Giving, not receiving
Do you remember the culture wars over whether stores should be stocking their shelves and playing Christmas music right after Remembrance Day, well before the beginning of Advent?
Or remember when the debates about replacing “Merry Christmas” greetings with “Happy Holidays” salutations raged?
Stores used to be closed every Sunday, keeping the Lord’s Day sacred and holy, whereas now it’s questionable if they will remain closed even one day a year on Christmas day.
How do Christians keep Christ in Christmas in today’s post-Christian age awash in secularized culture?
Gratitude is the interior posture the Calgary Diocese invites us to cultivate this Advent in preparation for Christmas. Rather than largely focusing on gift buying and acquiring, let the focus be on having eyes to see that All Is Gift. How are the ways that I Am Blessed in this Advent and Christmas liturgical season?
The annual diocesan I Am Blessed campaign is an opportunity to reflect on how we can each pray, act and give to become more other-focused during this holy season.
Peter Baltutis shared some of his thoughts on this with Faithfully and he talked through some of his family’s Advent and Christmas traditions. He’s husband to his wife Leanne and father of three children aged 14, 12 and 6, as well as the associate professor of History and Religious Studies at St. Mary’s University in Calgary.
“It is really hard to combat the commercialism and materialism and constant bombardment of ads on TV, ads on the radio. We feel countercultural trying to deemphasize that and focus on spirituality,” said Baltutis.
When he and Leanne first got married they had intentional conversations about how to keep the focus on the birth of Jesus and His Incarnation rather than buying goods.
They begin each year by recognizing that Advent is a time of preparation for the celebration of the birth of Christ on Christmas Day. On the first Sunday in Advent they place their Advent wreath at the centre of their dinner table and light the first candle at suppertime. It’s a simple reminder that they are assuming a posture of waiting for someone special and important to arrive.
During Advent they decorate their Christmas tree with ornaments that hold meaning and memories from years past. They see this as a sacred time of passing on family stories and sharing memories from the past year.
The most important Christmas decoration is the nativity set at the base of the Christmas tree. The children build a stable with Lincoln Logs building toys around the Holy Family figurines.
“It’s a fun exercise as a metaphor, this idea that we are cooperating with God on Earth, the Incarnation is here, we need to help it, give a home to it,” said Baltutis.
The Baltutis Family attends an Advent retreat at the FCJ Centre in Calgary as a way of preparing their hearts for Christmas. They also avail themselves of the Sacrament of Reconciliation to turn back to Christ and make interior room for Him.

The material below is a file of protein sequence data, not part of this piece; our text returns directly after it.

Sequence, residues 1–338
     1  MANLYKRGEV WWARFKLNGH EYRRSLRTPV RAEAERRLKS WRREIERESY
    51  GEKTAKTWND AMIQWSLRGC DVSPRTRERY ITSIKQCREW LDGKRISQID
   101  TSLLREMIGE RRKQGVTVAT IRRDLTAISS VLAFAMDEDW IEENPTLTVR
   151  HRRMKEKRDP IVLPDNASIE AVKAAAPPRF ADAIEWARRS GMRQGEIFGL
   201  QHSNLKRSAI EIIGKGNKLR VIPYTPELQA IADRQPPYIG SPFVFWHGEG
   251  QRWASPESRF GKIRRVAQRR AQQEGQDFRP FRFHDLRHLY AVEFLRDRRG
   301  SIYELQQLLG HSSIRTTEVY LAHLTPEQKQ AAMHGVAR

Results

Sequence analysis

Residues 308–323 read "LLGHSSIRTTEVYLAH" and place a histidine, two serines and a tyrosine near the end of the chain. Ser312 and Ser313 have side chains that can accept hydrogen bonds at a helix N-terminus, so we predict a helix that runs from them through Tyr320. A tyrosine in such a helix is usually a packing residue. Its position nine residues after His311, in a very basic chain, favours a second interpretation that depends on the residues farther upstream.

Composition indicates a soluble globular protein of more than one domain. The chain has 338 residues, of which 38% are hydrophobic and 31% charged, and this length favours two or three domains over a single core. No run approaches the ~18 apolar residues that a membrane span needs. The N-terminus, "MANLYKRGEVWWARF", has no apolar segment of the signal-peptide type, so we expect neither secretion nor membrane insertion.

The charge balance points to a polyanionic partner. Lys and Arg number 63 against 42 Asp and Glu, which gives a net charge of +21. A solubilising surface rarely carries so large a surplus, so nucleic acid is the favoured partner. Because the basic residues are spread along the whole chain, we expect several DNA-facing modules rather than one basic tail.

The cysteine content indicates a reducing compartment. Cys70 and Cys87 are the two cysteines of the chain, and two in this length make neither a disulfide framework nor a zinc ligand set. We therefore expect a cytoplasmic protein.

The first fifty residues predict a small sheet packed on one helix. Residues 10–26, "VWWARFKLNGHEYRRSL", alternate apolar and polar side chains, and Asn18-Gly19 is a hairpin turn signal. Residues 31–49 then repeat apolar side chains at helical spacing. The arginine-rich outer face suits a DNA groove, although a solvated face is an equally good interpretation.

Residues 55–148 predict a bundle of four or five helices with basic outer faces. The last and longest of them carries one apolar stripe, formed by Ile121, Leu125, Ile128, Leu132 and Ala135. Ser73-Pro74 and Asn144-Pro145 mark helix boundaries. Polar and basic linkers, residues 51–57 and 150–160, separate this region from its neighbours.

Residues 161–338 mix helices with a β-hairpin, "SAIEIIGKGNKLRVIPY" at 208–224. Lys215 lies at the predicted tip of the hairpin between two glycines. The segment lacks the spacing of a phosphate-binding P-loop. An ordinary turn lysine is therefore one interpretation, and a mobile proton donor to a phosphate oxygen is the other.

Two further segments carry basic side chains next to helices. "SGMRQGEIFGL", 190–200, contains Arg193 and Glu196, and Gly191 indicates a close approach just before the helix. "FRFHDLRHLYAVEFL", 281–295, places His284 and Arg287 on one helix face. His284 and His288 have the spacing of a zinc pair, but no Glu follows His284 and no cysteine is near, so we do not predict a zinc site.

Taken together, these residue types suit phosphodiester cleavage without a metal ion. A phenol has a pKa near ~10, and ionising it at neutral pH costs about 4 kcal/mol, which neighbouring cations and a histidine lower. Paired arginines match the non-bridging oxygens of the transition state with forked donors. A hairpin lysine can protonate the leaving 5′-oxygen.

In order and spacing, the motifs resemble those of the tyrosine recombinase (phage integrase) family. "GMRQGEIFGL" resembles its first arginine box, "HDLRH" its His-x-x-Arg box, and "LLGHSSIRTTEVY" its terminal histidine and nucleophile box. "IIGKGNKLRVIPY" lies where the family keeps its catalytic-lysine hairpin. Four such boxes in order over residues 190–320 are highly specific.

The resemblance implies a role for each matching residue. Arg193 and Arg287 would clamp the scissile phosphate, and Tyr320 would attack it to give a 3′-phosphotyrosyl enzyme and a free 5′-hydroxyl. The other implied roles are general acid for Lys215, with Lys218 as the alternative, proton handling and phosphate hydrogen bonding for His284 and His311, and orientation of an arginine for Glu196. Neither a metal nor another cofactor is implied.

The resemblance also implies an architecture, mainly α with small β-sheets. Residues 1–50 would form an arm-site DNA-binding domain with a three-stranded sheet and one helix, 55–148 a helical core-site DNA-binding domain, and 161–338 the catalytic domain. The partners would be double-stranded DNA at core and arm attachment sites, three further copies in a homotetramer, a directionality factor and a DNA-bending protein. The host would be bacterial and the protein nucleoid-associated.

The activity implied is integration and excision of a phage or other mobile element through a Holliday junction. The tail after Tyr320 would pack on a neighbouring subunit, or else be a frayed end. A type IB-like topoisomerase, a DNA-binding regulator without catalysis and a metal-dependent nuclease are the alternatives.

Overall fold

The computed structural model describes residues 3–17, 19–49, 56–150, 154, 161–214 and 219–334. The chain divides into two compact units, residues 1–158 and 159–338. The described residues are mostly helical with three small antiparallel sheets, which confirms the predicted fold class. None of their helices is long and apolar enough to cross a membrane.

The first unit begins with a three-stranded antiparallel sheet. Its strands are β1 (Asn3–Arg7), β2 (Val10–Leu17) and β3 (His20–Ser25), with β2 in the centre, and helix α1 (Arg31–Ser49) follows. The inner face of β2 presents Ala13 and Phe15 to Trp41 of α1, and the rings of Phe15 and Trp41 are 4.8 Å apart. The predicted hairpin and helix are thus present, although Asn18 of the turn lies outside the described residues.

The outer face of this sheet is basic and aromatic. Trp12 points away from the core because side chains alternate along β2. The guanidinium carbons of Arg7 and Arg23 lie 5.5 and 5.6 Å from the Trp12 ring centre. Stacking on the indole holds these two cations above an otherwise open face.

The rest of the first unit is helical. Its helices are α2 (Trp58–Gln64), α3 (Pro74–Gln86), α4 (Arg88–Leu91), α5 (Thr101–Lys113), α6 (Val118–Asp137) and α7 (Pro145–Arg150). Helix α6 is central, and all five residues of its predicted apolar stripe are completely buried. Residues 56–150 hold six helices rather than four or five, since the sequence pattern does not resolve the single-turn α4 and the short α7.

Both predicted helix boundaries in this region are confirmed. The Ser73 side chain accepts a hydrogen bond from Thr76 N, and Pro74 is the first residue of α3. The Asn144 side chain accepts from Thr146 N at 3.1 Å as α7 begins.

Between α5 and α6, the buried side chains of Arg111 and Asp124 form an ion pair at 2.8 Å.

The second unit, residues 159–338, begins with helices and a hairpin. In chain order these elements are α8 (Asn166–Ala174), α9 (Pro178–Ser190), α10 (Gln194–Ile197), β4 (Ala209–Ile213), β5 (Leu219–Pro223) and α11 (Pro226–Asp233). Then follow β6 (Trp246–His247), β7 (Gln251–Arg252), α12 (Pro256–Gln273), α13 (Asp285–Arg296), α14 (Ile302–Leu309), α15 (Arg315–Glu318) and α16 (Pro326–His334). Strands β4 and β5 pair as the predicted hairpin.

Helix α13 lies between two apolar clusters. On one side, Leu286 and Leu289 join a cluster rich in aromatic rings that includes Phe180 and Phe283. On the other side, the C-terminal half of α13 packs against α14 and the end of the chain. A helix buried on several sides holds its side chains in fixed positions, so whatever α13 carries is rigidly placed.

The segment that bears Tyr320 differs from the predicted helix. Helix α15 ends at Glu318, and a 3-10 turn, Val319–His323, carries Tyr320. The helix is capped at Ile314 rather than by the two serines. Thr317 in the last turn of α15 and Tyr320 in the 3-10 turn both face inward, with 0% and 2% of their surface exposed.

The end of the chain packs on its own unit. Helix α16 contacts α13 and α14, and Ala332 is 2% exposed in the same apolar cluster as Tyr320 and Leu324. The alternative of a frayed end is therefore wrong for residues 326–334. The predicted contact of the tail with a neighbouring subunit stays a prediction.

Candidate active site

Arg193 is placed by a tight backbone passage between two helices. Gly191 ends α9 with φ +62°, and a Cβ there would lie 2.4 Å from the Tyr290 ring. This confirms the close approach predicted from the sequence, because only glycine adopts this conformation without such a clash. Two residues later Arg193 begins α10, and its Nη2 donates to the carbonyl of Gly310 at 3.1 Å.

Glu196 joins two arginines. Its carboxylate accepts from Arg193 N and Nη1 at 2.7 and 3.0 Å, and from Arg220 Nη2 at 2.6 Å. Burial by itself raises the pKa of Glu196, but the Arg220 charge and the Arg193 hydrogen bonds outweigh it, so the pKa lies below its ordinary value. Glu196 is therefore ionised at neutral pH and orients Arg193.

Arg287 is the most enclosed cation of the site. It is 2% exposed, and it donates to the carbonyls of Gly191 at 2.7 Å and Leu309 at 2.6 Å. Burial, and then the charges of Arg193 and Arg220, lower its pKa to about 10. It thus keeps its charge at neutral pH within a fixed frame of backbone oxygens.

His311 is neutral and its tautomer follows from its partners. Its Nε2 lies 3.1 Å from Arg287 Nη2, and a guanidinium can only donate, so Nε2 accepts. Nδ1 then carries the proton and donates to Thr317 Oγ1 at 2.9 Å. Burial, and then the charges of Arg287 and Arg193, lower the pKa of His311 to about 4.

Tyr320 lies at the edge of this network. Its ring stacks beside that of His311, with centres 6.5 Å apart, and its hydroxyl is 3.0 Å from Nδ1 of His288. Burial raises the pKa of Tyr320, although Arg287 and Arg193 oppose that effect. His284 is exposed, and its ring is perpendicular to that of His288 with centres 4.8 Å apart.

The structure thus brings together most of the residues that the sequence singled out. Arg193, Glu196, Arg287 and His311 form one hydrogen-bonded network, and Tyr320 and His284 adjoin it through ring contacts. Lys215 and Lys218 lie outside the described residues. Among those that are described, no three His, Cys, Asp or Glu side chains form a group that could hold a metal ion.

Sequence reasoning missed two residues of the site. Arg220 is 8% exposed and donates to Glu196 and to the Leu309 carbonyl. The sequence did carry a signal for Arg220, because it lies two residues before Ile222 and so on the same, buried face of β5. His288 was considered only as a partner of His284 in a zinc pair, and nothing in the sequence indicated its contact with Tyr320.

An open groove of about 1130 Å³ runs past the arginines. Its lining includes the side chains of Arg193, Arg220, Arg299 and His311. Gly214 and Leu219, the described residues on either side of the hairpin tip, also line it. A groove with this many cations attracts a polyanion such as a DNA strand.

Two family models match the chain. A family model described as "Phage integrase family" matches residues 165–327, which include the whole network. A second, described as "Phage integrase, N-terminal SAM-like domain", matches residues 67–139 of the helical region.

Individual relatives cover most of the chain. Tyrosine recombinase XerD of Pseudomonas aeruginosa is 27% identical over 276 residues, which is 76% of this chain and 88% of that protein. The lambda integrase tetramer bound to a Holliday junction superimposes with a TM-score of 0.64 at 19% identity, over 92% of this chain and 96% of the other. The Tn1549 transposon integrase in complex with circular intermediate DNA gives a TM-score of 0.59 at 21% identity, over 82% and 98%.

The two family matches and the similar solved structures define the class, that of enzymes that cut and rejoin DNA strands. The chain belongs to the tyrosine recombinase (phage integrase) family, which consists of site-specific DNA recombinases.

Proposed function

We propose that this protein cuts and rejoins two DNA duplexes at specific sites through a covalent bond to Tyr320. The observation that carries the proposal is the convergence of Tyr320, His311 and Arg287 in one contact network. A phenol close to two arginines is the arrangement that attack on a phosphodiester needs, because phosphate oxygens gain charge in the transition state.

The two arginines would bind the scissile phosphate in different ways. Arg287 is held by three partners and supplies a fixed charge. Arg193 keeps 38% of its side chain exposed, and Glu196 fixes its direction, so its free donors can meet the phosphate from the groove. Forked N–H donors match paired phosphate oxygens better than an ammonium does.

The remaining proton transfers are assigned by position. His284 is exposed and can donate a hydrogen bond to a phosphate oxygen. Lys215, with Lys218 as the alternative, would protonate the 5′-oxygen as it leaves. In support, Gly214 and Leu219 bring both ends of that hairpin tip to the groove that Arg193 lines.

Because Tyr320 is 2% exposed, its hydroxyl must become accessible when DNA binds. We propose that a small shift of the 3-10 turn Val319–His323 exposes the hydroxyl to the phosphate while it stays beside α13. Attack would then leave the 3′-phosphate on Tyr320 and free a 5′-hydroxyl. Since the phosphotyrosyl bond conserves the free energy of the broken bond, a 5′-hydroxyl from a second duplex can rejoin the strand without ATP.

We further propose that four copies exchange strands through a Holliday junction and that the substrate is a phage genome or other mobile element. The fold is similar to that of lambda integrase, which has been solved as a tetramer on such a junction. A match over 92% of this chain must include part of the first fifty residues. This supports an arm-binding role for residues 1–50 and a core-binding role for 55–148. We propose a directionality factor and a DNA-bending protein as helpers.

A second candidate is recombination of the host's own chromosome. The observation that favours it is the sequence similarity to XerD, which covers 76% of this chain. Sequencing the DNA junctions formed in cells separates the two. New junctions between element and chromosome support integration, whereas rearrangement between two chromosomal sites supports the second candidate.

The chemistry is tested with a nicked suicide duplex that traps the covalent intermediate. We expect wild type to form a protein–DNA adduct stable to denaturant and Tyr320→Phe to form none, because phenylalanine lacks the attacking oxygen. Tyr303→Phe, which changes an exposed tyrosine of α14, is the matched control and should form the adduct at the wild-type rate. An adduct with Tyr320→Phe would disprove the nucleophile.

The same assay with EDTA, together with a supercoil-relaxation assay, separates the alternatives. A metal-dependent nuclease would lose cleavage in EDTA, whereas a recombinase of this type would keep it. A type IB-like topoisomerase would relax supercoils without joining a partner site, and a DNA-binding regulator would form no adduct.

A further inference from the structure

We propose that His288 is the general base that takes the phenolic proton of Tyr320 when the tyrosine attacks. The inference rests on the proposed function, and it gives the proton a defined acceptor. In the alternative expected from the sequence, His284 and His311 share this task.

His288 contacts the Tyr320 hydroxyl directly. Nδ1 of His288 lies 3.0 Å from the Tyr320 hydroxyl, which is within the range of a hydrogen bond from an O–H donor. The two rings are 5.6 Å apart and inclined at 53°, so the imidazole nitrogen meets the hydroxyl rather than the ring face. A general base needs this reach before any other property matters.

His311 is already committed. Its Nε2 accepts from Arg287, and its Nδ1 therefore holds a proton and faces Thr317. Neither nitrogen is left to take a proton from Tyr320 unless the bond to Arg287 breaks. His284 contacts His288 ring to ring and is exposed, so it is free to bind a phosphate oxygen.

They pray the Holy Sacrifice of the Mass on Christmas Eve followed by a celebratory meal.
When it comes to Christmas Day and gift-giving, the Baltutis Family tries to keep a focus on gift-giving, rather than gift-receiving. Peter is originally from the United States of America and so at Christmas he flies his family back to Florida to celebrate Christmas Day with extended family. They each draw a name to buy a gift for and on Christmas Day they intentionally go around a circle, taking turns giving the gift they took time and care, to either make or buy, for that family member. Often the emphasis is on family time -- so giving the gift of an experience, such as candy and movie tickets, for example.
“There is a real concern about spoiling our kids,” said Baltutis. “We don’t want them to expect or demand a lot of gifts, walking around with a sense of entitlement. We try to counterbalance that by doing a service to those in need around us.”
The children consider the needs of the broader community by choosing a name from the Jesse Tree at their St. Patrick Parish in Calgary. The children help choose the gift items and wrap them.
“We are intentional about our messaging. It’s not simply doing things and assuming the kids pick up on it…. It’s having intentional conversations about key themes like generosity, giving, loving our neighbours, serving those on the margins of society,” said Baltutis.
On the other side of the city at St. Joseph’s Church, Marilou LeGeyt is trying to cultivate a similar focus on intentional gift-giving with her family and church music ministry members.
“We love Christmas gift giving, but we also want to teach our children the real gift of Christmas. How do we give thanks to God who has given us everything? And how do we share this gratitude with each other? I think for a start, we have to appreciate what we’ve been given and to take care of it really well.” said LeGeyt.
She is encouraging her family and friends to show their love for one another by either making a gift, upcycling/regifting, offering a talent/act of service or the gift of time together creating a shared experience.
It’s the time spent with our loved ones, not our material possessions that makes Christmas extra meaningful, said LeGeyt.
“We can’t be more excited!”
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Catholic Pastoral Centre Staff and Guest Writers